Once a year, all of the cluster managers convene in Burlington, where they talk with Brue and Dressell about goals for their operations. It's more like a meeting among partners than a traditional budget review, notes Kurt Schreck, the cluster manager in Minneapolis. "There's a lot of trust. I might not hear from either of them for several months."
As the wrangling over the menu suggests, managing in this sort of environment has its challenges. On the one hand, says Dressell, you want people to maintain basic standards. "But we also want them making their own decisions. We don't want them looking to us for everything." When cluster managers don't work out (in 4 instances out of 14, they haven't), severing the ties can be dicier than terminating an employee. Beyond the emotional issues, Dressell offers, there are the legal and financial aspects -- Bruegger's has a six-page contract full of them -- of having to buy out partner shares.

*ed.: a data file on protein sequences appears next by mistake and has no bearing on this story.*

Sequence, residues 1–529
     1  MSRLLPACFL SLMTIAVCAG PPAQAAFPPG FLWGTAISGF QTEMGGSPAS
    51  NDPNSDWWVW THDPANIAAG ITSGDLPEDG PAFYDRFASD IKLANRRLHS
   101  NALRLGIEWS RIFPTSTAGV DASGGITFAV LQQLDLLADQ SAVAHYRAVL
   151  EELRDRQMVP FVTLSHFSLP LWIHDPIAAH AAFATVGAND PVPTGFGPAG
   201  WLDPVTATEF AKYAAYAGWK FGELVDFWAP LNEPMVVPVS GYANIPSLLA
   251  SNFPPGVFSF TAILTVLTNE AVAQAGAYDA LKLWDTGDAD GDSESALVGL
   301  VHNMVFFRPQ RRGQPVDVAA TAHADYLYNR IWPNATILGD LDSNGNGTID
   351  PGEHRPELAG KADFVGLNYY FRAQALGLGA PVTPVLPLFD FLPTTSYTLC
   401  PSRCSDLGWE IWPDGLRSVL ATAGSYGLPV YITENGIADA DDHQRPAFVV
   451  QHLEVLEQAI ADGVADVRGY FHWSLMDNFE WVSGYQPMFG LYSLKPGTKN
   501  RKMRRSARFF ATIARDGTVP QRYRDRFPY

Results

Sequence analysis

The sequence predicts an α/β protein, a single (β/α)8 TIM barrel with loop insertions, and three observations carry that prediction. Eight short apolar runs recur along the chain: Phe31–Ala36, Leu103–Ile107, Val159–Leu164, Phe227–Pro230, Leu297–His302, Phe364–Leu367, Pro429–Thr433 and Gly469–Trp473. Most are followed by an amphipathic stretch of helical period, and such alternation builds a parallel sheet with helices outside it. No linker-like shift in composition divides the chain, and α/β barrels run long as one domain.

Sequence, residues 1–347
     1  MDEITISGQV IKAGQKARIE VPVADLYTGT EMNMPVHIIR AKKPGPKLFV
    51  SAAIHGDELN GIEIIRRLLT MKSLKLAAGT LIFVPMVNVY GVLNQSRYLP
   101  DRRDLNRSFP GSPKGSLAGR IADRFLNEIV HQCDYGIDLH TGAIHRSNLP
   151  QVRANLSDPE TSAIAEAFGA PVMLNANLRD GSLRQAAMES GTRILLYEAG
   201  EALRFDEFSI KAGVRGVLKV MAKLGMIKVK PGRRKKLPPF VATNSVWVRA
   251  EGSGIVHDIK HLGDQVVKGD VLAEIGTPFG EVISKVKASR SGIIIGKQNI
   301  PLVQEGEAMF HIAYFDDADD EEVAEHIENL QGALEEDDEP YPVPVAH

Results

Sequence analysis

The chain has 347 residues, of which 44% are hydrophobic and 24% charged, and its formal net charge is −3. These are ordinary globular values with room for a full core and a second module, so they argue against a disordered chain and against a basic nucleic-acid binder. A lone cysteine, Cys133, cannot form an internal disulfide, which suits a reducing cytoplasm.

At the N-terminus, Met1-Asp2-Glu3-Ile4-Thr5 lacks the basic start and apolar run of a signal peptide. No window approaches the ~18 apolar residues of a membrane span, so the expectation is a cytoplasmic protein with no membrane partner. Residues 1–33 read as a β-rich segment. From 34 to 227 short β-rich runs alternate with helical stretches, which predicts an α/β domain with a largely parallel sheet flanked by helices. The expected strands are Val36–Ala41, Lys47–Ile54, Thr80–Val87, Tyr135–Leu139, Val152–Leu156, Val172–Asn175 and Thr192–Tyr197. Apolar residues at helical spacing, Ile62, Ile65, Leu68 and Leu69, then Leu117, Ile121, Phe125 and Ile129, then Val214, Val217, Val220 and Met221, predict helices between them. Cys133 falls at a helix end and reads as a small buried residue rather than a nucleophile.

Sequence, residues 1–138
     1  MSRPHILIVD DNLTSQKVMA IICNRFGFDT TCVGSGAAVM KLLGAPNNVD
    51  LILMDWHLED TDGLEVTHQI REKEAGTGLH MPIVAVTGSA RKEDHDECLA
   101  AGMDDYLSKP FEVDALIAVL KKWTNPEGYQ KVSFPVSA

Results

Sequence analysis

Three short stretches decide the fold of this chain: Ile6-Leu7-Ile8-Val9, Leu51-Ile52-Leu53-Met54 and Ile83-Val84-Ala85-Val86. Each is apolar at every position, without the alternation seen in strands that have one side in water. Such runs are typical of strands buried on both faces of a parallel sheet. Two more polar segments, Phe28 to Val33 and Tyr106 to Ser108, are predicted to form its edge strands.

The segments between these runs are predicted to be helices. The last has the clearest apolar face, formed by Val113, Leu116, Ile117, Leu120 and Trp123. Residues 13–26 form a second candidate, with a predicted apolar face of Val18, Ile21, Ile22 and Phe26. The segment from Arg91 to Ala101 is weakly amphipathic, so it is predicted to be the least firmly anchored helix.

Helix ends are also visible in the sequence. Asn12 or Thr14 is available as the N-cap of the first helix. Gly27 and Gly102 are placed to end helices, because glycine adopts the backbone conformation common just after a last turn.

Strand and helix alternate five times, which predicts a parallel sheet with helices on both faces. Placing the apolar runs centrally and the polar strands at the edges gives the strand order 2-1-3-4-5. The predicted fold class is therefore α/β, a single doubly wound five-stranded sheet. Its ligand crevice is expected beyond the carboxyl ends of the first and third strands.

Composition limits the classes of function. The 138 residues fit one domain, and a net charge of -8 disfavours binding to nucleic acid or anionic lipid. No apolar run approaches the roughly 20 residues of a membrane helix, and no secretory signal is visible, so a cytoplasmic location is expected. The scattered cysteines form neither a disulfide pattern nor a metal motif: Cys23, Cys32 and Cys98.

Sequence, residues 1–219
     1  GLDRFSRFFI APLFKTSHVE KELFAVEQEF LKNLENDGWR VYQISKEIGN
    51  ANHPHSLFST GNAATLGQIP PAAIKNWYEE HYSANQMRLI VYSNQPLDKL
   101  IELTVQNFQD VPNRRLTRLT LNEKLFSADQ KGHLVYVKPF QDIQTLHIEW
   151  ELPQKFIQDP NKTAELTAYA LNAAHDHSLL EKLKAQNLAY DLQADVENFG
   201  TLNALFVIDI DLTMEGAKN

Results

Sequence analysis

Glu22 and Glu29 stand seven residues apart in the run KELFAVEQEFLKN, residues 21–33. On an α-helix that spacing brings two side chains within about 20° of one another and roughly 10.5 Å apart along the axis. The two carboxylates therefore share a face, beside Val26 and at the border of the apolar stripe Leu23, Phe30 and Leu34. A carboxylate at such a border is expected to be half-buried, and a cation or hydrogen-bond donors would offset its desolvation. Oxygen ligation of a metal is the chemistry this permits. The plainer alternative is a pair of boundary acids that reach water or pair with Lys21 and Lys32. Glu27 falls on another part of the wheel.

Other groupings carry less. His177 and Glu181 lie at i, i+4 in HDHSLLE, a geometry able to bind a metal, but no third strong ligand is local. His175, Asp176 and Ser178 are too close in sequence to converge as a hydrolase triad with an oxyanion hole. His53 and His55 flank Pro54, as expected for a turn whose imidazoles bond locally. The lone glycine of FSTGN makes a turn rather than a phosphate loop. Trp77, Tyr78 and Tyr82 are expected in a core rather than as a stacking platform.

But as he and Brue see it, the complications pale compared with Bruegger's growth over a short time. By giving people stakes in their own businesses, they've attracted higher-caliber managers than they might have with more ordinary compensation packages. "We get an attention level that can't be matched," Brue says.
What's more, it's allowed the founders to remain as removed from day-to-day management as they want to be. Brue, for example, is currently on an 11-month sabbatical in England; Dressell will take time off beginning next fall. "Of course, we can't prove it," Brue says, "but we think we're far ahead of where we'd be if we'd tried to control everything."
SHARING THE DOUGH
Making partners out of managers